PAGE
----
In a scene reminiscent of the massive airport protests against Trump’s Immigration policies in 2017, airport workers shut down access to several of the biggest airports in the country on Tuesday, demanding higher wages and more affordable health care. At 17 airports, from New York to Los Angeles, Dallas, San Francisco, Philadelphia, and D.C., food service employees represented by the International Brotherhood of Teamsters, the Retail Wholesale and Department Store Union (RWDSU), and Unite Here held die-ins, blocked terminals, and halted traffic on one of the busiest travel days of the year. Overall, several thousand members participated in the nationwide protests and more than 100 people were arrested.
Although Tuesday’s demonstrations were staged events tightly controlled and orchestrated by the union bureaucracy, they nonetheless offered a glimpse of the real power of the working class to disrupt business as usual, particularly in the transport sector, where such disruptions can shut down entire cities.
These protests are yet another example of the rising level of class struggle in the U.S. since the 2018 Teachers strikes. In June, 11,000 workers from 33 airports in 28 cities voted by a great majority to authorize a strike, and Tuesday’s demonstrations are a clear escalation of tactics that could lead to a nationwide strike of airport food service workers in the near future. Unfortunately, there are two things standing in the way of such action: The Railway Labor Act (RLA) and the union bureaucracy.
Like other anti-union laws across the country, the RLA represents a compromise between labor and the State, a compromise that is almost never in the interests of workers. While the law provides some protections for unions, such as the continuation of expired contracts, it also prohibits unauthorized strikes until the union can prove that arbitration has failed. This compromise not only weakens the ability of unions to use the strike weapon when they see fit, it also ties them to the state in a way that inhibits more radical independent action.
In other words, with the RLA in place, the union leaderships must request the approval of the National Mediation Board to stop work. After receiving permission to go on strike, workers would have to wait another 30 days in a “cool down” period. During that time American Airlines would no doubt prepare to keep disruptions to a minimum.
But a law is only worth the paper it is written on and can be broken by the strength of workers. American Airlines itself is 85% unionized between the pilots, mechanics, flight attendants, baggage handlers, and various other classifications, and other airlines are likewise well unionized. Additionally, at Delta, 25,000 flight attendants are fighting to join the Association of Flight Attendants led by firebrand left bureaucrat Sara Nelson. There are plenty of natural allies of the airline food service workers, and those numbers are growing.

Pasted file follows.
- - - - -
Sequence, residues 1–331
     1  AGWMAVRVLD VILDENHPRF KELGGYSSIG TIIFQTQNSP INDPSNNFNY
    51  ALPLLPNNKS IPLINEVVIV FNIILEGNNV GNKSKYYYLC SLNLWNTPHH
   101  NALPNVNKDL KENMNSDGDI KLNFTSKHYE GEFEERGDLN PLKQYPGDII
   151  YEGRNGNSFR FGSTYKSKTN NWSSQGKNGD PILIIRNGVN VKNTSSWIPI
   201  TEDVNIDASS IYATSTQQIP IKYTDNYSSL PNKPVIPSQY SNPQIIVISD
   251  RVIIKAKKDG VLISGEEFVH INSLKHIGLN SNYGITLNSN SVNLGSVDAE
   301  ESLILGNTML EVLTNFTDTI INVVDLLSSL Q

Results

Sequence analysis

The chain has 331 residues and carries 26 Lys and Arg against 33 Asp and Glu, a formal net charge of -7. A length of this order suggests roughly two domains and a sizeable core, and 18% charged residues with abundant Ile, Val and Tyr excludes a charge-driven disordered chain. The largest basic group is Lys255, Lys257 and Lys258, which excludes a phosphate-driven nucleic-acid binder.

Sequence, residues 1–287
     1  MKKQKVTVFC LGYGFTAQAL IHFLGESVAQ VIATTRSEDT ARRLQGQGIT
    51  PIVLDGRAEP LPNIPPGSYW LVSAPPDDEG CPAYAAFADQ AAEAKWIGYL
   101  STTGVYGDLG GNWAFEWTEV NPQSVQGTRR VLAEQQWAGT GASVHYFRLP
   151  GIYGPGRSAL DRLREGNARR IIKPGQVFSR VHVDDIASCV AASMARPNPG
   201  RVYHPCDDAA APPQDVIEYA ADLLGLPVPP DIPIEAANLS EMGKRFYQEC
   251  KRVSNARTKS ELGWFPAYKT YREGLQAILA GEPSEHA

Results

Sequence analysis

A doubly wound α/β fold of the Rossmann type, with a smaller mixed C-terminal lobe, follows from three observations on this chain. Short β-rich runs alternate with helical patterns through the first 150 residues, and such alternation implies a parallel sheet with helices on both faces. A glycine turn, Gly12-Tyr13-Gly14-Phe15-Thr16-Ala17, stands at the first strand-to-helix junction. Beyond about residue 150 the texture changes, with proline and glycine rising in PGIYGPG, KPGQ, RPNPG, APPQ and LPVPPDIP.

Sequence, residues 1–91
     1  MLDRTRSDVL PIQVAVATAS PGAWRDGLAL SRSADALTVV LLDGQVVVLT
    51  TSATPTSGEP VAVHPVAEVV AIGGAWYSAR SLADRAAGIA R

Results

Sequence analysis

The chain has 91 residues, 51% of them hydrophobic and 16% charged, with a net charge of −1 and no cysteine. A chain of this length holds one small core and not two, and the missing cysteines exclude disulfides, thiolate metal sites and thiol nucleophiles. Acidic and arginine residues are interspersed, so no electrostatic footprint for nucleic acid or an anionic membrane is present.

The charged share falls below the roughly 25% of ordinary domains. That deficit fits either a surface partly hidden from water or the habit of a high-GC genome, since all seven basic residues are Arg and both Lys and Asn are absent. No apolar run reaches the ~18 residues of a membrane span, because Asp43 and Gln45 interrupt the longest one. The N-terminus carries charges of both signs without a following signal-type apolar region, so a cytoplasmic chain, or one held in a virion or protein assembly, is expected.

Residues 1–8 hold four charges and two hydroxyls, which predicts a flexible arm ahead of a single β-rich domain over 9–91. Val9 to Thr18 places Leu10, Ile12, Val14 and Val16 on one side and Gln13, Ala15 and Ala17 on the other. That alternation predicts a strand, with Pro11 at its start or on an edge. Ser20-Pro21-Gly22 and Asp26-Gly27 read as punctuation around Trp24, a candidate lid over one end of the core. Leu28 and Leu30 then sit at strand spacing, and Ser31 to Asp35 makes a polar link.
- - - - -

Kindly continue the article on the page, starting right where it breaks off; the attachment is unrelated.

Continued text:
So why then were Unite Here members not joined in solidarity from the unions that represent the other trades in American Airlines? Where were the signs from the mechanics and baggage handlers, the pilots and the flight attendants? At the JFK protest, the union bureaucrats had Mayor Bill de Blasio and other Democratic Party movers and shakers speak on stage—surely they could have organized a few workers from other sectors. That solidarity is key.
During the protests, Unite Here claimed that every minute a terminal was delayed the company lost thousands of dollars. What would happen if all flights were cancelled throughout an airport? Not just one airport, but 33? Instead of meticulously-planned spectacles directed from the stage with plenty of staff and politicians on hand, a strike that wins a living wage and quality healthcare will require rank and file committees throughout all classifications at airports across the nation. These actions would most likely have to be created by workers themselves, as the union leaderships have demonstrated that they are more concerned with politicians and the law than organizing actions that can win substantive gains for workers.
Like other countries across the world, the United States is experiencing a significant upsurge in class struggle, particularly strike activity. Indeed, since the massive teachers strike wave in 2018—which has extended into 2019 and shows no signs of slowing down—U.S. workers, both public and private, have rediscovered the weapon of the strike.
As the recent strikes at GM and Stop and Shop show, working people can fight and win better wages and working conditions when they organize and fight. However, building workers’ power is about more than just winning wages and benefits. Developing and building radical rank and file unions within the transportation and logistics sector would lay the foundations necessary for strikes that could shut down the entire economy. Such a weapon—in the hands of working people—could win significant gains for the working class and even topple governments. If several hundred air traffic controllers have the power to force the government to reopen, as they did in 2018, imagine what could be achieved if the entire airline industry went on strike alongside warehouse and distribution center workers.
Building such a fighting labor movement, however, will require a radical and self-organized rank and file movement capable of taking on the union bureaucracy as well as the state. While we applaud the widespread demonstrations on Tuesday as a courageous step forward for airline caterers, and as further evidence of growing militancy in our class, socialists must point out the obstacles in our way. The labor bureaucracy depends upon and works hand in hand with the state to maintain labor peace. Only the rank and file have the power to build a strike that can break the RLA and win the demand that “One Job Should Be Enough.”